Molecular diagnostics and precision medicine are now a reality. With the roll-out of the 100 000 Genomes Project, one of the most ambitious initiatives of its kind worldwide (Siva, 2015), pathways are being established for the adoption of genomic medicine across the National Health Service of the UK, the largest existing operation providing universal healthcare for its citizens. This requires a transformation in the way in which the NHS handles patient samples and integrates complimentary analyses on tissues to direct patient management. New approaches in molecular pathology are essential to address the challenges of this new era of genomic medicine. Indeed, how pathologists are able to transit from an approach to tissue diagnostics driven by morphology alone towards a true morphomolecular ethos (Salto-Tellez, 2007) is arguably the most important test for tissue and cellular pathologists (histopathologists or surgical pathologists and cytopathologists) in the last 60 years.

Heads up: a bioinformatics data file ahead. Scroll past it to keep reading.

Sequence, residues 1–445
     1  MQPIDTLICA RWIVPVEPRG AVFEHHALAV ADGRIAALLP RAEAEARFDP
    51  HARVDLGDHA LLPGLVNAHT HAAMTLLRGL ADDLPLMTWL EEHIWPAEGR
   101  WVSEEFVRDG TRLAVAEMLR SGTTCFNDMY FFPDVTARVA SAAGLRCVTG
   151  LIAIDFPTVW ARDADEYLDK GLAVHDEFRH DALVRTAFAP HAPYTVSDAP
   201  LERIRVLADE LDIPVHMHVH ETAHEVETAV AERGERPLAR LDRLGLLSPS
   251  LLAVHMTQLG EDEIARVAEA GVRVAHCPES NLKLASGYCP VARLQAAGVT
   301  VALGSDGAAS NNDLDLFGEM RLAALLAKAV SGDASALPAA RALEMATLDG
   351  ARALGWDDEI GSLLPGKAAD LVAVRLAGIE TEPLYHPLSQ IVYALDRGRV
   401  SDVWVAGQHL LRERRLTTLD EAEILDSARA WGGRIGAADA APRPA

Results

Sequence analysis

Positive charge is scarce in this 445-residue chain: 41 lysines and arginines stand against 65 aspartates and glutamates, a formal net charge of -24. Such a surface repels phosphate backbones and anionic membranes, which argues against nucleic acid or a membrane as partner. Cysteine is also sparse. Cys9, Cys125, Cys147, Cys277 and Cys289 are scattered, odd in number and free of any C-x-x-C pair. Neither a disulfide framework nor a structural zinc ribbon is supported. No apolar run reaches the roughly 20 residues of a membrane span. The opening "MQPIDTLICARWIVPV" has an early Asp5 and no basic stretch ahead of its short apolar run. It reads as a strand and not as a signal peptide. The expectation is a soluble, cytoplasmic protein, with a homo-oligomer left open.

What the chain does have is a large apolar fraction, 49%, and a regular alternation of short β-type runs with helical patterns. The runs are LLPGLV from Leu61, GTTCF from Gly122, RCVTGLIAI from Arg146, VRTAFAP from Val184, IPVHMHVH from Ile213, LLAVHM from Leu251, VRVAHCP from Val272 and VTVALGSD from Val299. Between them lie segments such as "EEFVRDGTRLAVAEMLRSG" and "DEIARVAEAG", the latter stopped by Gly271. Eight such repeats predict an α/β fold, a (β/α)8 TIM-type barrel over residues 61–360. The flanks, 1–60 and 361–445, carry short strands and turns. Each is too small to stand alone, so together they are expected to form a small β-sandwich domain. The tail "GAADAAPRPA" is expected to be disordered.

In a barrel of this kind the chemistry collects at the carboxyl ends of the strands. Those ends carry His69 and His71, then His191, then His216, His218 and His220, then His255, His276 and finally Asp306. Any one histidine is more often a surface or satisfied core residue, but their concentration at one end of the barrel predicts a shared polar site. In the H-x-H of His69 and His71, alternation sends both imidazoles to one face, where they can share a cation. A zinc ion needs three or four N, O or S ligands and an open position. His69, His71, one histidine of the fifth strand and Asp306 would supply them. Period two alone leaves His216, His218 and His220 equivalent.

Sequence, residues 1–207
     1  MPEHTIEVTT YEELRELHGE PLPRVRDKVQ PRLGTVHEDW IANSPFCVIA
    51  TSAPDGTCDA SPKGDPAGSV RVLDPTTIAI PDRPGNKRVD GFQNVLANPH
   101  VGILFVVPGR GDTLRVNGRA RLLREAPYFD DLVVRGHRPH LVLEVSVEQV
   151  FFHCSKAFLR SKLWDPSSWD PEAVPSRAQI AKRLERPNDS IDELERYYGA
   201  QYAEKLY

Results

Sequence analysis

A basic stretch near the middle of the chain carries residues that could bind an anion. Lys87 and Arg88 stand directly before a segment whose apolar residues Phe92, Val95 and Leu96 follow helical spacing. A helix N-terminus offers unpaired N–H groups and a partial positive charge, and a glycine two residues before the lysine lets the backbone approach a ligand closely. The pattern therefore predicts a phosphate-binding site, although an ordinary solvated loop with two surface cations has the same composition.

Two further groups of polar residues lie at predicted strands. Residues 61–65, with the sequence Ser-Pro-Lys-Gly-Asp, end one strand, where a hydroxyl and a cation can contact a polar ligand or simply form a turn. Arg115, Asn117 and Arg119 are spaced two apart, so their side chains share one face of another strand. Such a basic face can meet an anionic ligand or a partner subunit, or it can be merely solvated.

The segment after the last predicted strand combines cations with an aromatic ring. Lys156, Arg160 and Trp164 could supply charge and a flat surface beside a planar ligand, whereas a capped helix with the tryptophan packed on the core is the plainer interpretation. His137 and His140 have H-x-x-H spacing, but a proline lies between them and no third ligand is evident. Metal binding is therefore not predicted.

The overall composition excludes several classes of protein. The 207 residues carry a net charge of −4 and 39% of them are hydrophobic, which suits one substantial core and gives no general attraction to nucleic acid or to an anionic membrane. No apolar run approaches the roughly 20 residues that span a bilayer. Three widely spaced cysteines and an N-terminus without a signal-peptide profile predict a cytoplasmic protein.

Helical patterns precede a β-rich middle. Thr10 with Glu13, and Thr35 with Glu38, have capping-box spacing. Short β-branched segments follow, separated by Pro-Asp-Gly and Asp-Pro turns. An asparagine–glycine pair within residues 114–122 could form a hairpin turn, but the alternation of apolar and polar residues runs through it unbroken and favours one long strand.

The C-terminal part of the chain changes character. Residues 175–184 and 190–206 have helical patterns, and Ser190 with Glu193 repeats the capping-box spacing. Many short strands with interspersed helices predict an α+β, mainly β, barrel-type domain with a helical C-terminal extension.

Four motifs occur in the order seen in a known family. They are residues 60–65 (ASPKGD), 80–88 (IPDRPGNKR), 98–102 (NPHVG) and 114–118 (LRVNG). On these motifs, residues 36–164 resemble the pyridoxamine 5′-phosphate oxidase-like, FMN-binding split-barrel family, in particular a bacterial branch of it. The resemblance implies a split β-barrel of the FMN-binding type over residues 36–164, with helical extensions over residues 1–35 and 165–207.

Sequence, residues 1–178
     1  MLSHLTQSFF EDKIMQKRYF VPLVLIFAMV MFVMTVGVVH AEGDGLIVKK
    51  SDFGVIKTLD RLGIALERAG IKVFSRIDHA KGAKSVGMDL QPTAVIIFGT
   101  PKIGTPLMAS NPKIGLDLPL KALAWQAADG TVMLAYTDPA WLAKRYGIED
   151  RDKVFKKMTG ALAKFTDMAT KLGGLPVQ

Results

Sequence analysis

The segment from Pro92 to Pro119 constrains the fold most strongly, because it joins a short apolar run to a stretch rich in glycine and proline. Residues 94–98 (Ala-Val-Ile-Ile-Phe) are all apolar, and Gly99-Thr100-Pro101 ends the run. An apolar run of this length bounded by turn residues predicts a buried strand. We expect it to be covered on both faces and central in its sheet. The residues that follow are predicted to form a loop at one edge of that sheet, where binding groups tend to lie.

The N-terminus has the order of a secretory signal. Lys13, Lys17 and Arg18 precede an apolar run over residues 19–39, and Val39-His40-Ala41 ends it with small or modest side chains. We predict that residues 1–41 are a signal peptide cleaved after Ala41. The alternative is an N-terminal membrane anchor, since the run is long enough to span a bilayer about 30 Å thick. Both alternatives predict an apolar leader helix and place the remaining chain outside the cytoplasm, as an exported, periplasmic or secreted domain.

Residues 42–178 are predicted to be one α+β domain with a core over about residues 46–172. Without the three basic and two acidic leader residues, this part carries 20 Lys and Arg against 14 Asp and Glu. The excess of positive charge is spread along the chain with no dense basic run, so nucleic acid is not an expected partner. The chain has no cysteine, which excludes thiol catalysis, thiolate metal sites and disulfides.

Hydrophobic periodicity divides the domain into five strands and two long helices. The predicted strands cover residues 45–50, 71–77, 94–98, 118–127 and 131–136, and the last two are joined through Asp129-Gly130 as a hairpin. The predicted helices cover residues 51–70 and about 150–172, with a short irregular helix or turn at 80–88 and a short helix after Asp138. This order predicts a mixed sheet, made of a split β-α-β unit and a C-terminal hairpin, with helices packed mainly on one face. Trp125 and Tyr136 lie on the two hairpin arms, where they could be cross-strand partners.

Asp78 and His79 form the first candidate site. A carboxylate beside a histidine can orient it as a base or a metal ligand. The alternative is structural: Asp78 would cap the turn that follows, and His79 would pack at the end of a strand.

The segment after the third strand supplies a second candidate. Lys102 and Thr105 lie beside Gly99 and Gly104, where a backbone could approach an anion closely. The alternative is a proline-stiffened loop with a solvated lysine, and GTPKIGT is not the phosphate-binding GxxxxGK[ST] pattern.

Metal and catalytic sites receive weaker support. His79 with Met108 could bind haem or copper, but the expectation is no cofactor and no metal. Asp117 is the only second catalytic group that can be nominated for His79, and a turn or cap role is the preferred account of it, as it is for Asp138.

This is far from the first transformation that pathology has faced since its inception. Historically (Tweel and Taylor, 2010), pathology has evolved from a discipline based on the understanding of gross and microscopic physiopathology to an established medical diagnostic specialty. However, over the last 6 decades since the discovery of the DNA helix, the challenge to use our increased understanding of the molecular basis of disease to broaden our diagnostic armamentarium has not been embraced as promptly as it could have been (Chan and Salto-Tellez, 2012). This is in contrast with other disciplines within laboratory medicine: for example, molecular haematology is embedded within clinical haematology services, modern virology is almost exclusively molecular, and contemporary genetics has almost fully completed the transition to molecular testing. This is surprising when one takes into account the many tests already underway in tissues and cells. For example, lymphomas (Siok-Bian et al, 2008), sarcomas (Siok-Bian et al, 2008), and tumours from the central nervous system (Rushing and Wesseling, 2015) need systematic molecular testing according to the international guidelines; moreover, molecular testing of colorectal, lung, breast, and some skin cancers are the epitome of what we now call precision or stratified medicine, or therapeutic pathology (Salto-Tellez, 2013). Most of these tests are equally applicable to histology or cytology samples (Salto-Tellez, 2015). In addition, many of the emerging challenges in modern medicine need to be addressed by the interrogation of tissues and cells using a combination of morphological and molecular techniques such as next-generation sequencing in routine diagnostics (Salto-Tellez and Castro, 2014), or the delivery of cancer immunotherapy supported by robust immune biomarkers (Balar and Weber, 2017). In this evolution, pathologists need to accept that techniques that are part of our traditional armamentarium develop a new meaning, and new rules. This has already been exemplified by so-called therapeutic immunohistochemistry (Mccourt et al, 2012) such as ER, PR, c-erbB2/Her2, ALK, and PD-L1, all of which require more stringent handling of tissues and quantitative interpretation.